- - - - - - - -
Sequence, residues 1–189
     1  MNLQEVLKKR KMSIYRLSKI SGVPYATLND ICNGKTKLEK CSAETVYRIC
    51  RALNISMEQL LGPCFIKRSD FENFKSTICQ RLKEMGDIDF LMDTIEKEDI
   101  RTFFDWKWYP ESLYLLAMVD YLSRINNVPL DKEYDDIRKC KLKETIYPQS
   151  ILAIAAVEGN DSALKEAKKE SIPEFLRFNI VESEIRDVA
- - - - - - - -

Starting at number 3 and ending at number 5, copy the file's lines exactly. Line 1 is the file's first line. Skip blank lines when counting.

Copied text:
    51  RALNISMEQL LGPCFIKRSD FENFKSTICQ RLKEMGDIDF LMDTIEKEDI
   101  RTFFDWKWYP ESLYLLAMVD YLSRINNVPL DKEYDDIRKC KLKETIYPQS
   151  ILAIAAVEGN DSALKEAKKE SIPEFLRFNI VESEIRDVA